That risks making it sound as if the book is polemical. That particular character is polemical, but the book isn’t really structured that way. The story is instructive, about the history of American white supremacy and structural racism, but it has the feel of historical accuracy and personal narrative. But the really impressive thing about Ruff’s text, here, is that his thesis is pretty much all in the text, not the subtext.

This is America — it’s a racist place. No educated person can doubt that, and no honest person can deny that. But some people might find any sort of recounting of the lived experience of black folks in racist America in the 1950s to be unbearably accusing. In fact, there’s a review on Amazon that starts out:

I should start by saying that I have not read a single word of this book, but from glancing over the lead and a few customer reviews, I gather that this is a progressive treatise dressed up as a work of fiction. This disingenuous rubbish has no place in the library of a discerning, cultured gentleman and should be consigned to the flames along with Mein Kampf, and other similarly racist rants. Lovecraft country is not a story, it is a manifesto. Instead of trying to divide people and agitate minorities, why not write an honest story without a hidden agenda?

This reviewer must be one of those “sad puppies” trying to make science fiction great again, by trying to turn it from truth back into propaganda, suppressing the stories that make him uncomfortable. But one of the interesting things about Ruff’s book is that, contrary to this review, there is, literally, no “hidden agenda.” The book does exactly what it says on the tin. It’s a story about the lived experience of black Americans, which is structured and defined by their race. The fact that some modern revisionist doesn’t want to believe this truth doesn’t change it. He probably believes racism, structural and otherwise, isn’t real in 2016. Indeed, his hidden agenda — of fear — comes out in the phrase “instead of trying to… agitate minorities.” God forbid this book should rile up the blacks by bringing up a lot of inconvenient truths — why, no white person would be safe!

Of course, this brings up the real problem with this book, which is a problem that has nothing to do with Ruff’s impressive piece of storytelling. It’s the same problem that plagues non-fiction works like The New Jim Crow and Dog Whistle Politics. The people that are likely to read it are those who are already amenable to the truths expressed in the text. The book isn’t going to change a lot of unchangeable minds. I used to have hope that racism would die out as older Americans died off. But the sad, or rabid, puppy who wrote that Amazon review is probably young. In Trump’s America, decades of dog whistling have led to overt racism becoming acceptable again, and so we’re in for an awful lot of white whines and ridiculous claims about how privileged white people are the real victims of racism.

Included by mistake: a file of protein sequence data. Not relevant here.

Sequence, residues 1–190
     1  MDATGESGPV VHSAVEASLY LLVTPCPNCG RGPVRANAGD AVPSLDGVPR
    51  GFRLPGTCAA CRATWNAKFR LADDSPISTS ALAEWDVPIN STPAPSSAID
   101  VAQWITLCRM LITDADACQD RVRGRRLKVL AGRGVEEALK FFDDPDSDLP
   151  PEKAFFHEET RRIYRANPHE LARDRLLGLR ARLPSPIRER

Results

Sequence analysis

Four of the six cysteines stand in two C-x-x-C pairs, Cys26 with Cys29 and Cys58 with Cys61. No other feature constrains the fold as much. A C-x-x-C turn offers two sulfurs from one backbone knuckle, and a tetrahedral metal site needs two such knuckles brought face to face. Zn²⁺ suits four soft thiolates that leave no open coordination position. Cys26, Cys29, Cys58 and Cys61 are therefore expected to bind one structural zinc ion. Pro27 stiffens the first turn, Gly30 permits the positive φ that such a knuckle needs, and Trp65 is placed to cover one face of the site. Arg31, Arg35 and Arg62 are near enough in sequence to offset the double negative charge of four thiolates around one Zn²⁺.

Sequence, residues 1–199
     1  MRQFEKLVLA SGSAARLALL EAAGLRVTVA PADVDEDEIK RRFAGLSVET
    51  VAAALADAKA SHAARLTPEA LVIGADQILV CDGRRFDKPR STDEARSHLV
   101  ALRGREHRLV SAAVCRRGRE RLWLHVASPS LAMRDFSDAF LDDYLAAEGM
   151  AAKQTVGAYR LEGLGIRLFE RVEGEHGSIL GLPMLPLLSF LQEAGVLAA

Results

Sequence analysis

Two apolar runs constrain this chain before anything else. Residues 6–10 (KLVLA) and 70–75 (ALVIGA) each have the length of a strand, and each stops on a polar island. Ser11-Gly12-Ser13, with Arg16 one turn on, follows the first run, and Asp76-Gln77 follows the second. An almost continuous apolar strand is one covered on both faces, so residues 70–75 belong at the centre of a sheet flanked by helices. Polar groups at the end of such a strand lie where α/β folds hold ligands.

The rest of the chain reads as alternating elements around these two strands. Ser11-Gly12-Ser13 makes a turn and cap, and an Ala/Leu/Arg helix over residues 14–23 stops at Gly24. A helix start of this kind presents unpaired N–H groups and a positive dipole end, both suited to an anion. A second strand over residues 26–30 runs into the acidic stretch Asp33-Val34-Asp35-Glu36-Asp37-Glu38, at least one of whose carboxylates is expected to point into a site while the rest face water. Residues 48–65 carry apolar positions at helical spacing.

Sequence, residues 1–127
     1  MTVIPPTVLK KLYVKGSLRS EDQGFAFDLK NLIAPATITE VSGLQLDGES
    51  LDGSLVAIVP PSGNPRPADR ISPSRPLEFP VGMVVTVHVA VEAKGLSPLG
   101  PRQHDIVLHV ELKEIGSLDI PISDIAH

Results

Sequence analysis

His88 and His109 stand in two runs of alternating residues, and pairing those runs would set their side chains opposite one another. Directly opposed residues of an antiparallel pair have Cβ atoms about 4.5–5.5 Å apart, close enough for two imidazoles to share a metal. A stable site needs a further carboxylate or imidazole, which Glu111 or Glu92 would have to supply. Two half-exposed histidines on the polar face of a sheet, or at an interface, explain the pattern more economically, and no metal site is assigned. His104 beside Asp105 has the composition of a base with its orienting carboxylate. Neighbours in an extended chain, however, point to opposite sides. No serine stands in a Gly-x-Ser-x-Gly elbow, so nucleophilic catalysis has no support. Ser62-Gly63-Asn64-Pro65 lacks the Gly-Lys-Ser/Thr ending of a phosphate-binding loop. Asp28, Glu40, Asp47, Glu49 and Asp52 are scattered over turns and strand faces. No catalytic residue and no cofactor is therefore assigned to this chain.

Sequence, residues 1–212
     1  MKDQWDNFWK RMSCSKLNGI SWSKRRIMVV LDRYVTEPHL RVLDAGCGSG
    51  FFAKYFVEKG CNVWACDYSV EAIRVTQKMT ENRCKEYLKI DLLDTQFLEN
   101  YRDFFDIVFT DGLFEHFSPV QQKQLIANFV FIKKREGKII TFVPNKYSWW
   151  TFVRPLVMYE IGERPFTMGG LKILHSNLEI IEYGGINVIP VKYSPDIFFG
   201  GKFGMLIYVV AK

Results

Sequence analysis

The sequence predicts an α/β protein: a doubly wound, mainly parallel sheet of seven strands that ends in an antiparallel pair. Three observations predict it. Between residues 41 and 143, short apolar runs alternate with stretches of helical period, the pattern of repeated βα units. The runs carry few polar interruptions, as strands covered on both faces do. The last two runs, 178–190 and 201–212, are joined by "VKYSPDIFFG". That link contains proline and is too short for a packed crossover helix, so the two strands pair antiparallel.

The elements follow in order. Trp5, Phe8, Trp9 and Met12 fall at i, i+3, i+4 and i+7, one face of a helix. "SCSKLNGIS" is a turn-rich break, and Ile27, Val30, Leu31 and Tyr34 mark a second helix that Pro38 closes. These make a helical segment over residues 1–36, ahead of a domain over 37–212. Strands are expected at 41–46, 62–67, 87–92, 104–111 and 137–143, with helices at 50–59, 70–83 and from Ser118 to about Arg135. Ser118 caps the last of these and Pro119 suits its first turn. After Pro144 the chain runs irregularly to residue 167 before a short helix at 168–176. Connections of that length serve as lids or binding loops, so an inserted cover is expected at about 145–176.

Indeed, the only “hidden” part is the particulars of the ways in which it references, plays with, satirizes, and puns on Lovecraft and other pulp fiction sources, and that’s not deeply hidden to anyone who has read Lovecraft. It also isn’t really necessary to enjoyment of the book, although it deepens the reading experience a little bit, and brings a smile to my face. The overt story, about racism, is the story. The blurb right on the back cover says “A chimerical blend of magic, power, hope, and freedom that stretches across time, touching diverse members of two black families, Lovecraft Country is a devastating kaleidoscopic portrait of racism — the terrifying specter that still haunts us today.”

Here’s a taste:

  “I heard a big bang like a bomb going off. My father stopped shaking me and he hugged me to him and he started running. And you know, it’s funny, but once we got away from the smoke and the flames, it was almost nice, him carrying me like that… I dream about it sometimes, and in the dreams there’s no gunfire, it’s just an ordinary spring night and my dad’s carrying me home, like from a movie or a ball game. Like he should have been.
  ”We must have been about halfway home when a car came up behind us, moving fast. As it got close I saw it was all shot up, bullet holes in the hood, glass all knocked out, and I opened my mouth to say something, but there was no time. A white man leaned out of the back with a pistol and fired two shots. Then the car was past us and gone into the night — I never knew what happened to it, or who that man was.
  “I thought the shots had missed us. I knew I wasn’t hit, and my father didn’t break stride. He ran on for another block or so and then he just stopped. He put me down, careful, put a hand on my shoulder like to steady himself. Then he fell over.”

Reading the sad puppy gripe about SJWs (“social justice warriors”), there’s a phrase about sexism that comes to mind. I’ve heard my wife, a black feminist, use the phrase. The precise origin seems unclear, but it may be due to Margaret Atwood. It goes something like this:

Men are afraid that women will laugh at them. Women are afraid that men will kill them.

The sad puppies know that the world has passed them by, and that they no longer represent either the majority or the majority’s world view. But as they are privileged white people, the worst that the rest of the world can do to them is point this out, and try to educate them about the lived experience of people outside their experience, although this is usually pointless. But black people in Trump’s America have far more to fear; Jim Crow racism is far from dead and gone, and indeed seems to be enjoying a resurgence. And so, I would make the claim that this book actually is “an honest story without a hidden agenda.” The agenda is not hidden in the least — nor should it be.

Books I completed in May 2016:

Books I might complete in a few more days:

Saginaw and Ann Arbor, Michigan
May 28th, 2016